Sugar maple (Acer saccharum) is a keystone species in the forests of the northeastern and midwestern United States and eastern Canada. Its sustained health is an important issue in both managed and unmanaged forests. While sugar maple generally is healthy throughout its range, decline disease of sugar maple has occurred sporadically during the pastfour decades; thus, it is important to understand the abiotic and biotic factors contributing to sugar maple health.
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Maple syrup production contributes approximately $5 million annually to OhioÕs economy and provides supplemental nontimber forest product income for forestland owners. To better understand the factors that influence this important nontimber forest industry in Ohio, including producer heritage, producer age, sap collection methods, size of maple operation, and educational programming, we conducted a detailed survey of all known Ohio maple syrup producers (761 total producers). Over 80% of producers responded to the survey (620 respondents), making our analysis one of the most extensive of a maple industry in North America.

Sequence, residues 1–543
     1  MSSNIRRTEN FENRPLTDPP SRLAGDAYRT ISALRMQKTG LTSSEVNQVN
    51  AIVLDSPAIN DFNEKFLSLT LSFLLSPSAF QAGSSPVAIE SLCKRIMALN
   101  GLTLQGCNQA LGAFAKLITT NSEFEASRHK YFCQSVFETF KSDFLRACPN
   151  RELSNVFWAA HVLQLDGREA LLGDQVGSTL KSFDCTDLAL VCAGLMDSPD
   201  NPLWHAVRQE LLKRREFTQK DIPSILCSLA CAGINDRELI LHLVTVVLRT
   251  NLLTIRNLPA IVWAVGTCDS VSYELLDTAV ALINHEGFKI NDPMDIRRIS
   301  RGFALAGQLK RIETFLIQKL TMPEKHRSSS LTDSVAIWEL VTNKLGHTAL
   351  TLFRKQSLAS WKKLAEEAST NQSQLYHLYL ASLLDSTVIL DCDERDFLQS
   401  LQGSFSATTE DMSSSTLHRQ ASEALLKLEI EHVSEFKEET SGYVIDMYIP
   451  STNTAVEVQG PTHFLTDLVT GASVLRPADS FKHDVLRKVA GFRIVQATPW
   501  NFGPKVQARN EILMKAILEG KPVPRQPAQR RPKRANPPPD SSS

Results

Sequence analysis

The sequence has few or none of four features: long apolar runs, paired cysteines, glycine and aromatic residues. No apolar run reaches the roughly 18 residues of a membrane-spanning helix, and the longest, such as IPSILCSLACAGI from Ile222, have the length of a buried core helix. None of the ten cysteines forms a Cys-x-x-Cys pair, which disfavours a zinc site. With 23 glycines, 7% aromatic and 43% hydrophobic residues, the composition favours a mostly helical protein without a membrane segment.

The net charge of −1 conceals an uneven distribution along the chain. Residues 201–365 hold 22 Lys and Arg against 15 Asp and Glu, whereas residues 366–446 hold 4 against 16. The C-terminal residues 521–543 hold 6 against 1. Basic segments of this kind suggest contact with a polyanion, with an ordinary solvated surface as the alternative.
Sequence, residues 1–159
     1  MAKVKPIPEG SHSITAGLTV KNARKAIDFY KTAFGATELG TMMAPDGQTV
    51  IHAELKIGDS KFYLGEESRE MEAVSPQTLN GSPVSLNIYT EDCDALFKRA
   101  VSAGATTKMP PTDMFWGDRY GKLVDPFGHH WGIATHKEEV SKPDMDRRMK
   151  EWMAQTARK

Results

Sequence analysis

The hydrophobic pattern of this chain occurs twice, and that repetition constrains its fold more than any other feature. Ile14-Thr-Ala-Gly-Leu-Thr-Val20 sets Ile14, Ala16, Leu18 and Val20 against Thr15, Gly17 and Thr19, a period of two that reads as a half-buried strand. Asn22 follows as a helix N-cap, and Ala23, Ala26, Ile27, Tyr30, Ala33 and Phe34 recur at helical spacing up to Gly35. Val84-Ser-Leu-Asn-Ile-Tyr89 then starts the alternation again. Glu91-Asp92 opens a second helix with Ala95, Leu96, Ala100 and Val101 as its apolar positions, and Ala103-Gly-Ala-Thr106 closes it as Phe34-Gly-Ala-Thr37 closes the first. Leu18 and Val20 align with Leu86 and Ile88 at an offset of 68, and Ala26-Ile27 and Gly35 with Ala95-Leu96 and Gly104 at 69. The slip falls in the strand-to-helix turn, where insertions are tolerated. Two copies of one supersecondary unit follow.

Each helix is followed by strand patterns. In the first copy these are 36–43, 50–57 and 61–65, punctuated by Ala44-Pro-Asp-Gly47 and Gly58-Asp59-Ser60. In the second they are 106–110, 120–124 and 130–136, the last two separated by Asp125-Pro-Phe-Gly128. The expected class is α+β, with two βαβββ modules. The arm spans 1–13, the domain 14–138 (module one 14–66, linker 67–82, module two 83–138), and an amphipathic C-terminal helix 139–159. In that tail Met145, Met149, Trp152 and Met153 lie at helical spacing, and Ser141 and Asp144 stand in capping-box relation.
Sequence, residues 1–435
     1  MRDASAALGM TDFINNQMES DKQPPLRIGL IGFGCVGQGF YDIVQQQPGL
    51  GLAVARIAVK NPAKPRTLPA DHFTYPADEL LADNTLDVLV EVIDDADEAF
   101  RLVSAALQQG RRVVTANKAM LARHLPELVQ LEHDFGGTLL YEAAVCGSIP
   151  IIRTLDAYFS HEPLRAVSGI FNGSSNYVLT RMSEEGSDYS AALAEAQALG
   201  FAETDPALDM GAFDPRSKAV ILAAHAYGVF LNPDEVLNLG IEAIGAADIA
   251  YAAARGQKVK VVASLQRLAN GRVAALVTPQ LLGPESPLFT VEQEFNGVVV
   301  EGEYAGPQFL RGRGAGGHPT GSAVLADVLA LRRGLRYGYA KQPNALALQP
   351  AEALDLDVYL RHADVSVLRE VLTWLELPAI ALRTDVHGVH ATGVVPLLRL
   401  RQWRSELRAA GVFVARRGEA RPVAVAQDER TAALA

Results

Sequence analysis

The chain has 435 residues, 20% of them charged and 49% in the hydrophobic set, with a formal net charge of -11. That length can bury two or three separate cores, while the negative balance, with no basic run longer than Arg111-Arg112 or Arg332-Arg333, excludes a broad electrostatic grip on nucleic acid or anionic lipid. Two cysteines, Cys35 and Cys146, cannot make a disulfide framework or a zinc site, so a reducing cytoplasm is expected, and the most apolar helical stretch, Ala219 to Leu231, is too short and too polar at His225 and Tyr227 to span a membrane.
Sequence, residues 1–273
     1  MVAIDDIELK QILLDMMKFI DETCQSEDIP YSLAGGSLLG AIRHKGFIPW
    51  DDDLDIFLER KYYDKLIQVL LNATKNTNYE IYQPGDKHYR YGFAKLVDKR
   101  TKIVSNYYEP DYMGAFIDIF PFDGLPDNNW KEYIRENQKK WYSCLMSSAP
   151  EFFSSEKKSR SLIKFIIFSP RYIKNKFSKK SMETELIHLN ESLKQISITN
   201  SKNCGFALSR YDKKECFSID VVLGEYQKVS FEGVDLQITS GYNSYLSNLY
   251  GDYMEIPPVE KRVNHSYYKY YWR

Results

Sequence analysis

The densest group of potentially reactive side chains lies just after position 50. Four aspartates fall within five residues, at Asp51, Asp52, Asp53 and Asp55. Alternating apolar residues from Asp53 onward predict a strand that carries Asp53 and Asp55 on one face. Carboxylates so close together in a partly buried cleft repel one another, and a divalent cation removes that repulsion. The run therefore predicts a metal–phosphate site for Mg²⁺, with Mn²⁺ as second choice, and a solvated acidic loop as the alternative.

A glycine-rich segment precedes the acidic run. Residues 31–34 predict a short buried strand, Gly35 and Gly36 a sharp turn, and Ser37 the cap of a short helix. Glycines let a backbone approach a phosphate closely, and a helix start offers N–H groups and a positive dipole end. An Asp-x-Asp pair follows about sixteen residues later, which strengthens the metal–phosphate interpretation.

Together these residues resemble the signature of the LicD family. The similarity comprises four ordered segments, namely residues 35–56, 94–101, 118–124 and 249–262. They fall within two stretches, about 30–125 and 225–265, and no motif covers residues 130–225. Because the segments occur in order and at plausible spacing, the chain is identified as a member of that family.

Sugar maple height-diameter and age-diameter relationships are explored in abalanced uneven-aged northern hardwood stand in central New York.
Although maple dieback has received considerable recent attention in the Northeast, little has been reported about the relationship between sap sugar yield and crown health or crown nutrition. We measured sap sugar concentration (sweetness) in six northern Vermont maple stands in the springs of 1990-1992, and sap volume yield from tapholes at one stand in 1991. The stands differed in average crown dieback, canopy transparency, density, and mean dbh, as well as cation exchange capacity (CEC) of upper soil horizons.